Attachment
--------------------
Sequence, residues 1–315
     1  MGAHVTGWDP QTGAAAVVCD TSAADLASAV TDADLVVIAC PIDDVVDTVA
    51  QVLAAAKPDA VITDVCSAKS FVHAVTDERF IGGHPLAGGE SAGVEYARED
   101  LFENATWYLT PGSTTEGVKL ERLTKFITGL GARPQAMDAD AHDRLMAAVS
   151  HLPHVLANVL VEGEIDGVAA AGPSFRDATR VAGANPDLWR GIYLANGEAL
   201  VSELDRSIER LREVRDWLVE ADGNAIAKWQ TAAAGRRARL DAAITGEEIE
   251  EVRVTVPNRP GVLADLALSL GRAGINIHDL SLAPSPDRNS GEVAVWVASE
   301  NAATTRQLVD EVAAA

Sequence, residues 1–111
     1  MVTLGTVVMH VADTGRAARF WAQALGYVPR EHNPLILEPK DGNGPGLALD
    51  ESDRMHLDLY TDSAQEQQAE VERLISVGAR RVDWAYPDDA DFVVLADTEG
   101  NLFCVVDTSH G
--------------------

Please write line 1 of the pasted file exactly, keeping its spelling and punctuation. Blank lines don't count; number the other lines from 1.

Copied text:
Sequence, residues 1–315